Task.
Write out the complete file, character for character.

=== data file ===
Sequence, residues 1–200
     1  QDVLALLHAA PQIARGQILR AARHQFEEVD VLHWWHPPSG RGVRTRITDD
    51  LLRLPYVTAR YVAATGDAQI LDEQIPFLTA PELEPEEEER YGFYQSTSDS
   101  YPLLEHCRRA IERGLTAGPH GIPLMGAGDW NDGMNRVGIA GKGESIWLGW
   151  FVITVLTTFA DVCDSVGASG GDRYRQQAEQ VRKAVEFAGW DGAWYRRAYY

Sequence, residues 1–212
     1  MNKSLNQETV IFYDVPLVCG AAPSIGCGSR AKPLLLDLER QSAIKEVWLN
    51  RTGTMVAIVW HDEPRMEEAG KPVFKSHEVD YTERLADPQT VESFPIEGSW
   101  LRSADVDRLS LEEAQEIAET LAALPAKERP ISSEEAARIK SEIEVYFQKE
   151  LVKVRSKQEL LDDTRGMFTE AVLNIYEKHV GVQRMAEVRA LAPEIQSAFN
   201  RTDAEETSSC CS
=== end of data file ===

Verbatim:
Sequence, residues 1–200
     1  QDVLALLHAA PQIARGQILR AARHQFEEVD VLHWWHPPSG RGVRTRITDD
    51  LLRLPYVTAR YVAATGDAQI LDEQIPFLTA PELEPEEEER YGFYQSTSDS
   101  YPLLEHCRRA IERGLTAGPH GIPLMGAGDW NDGMNRVGIA GKGESIWLGW
   151  FVITVLTTFA DVCDSVGASG GDRYRQQAEQ VRKAVEFAGW DGAWYRRAYY

Sequence, residues 1–212
     1  MNKSLNQETV IFYDVPLVCG AAPSIGCGSR AKPLLLDLER QSAIKEVWLN
    51  RTGTMVAIVW HDEPRMEEAG KPVFKSHEVD YTERLADPQT VESFPIEGSW
   101  LRSADVDRLS LEEAQEIAET LAALPAKERP ISSEEAARIK SEIEVYFQKE
   151  LVKVRSKQEL LDDTRGMFTE AVLNIYEKHV GVQRMAEVRA LAPEIQSAFN
   201  RTDAEETSSC CS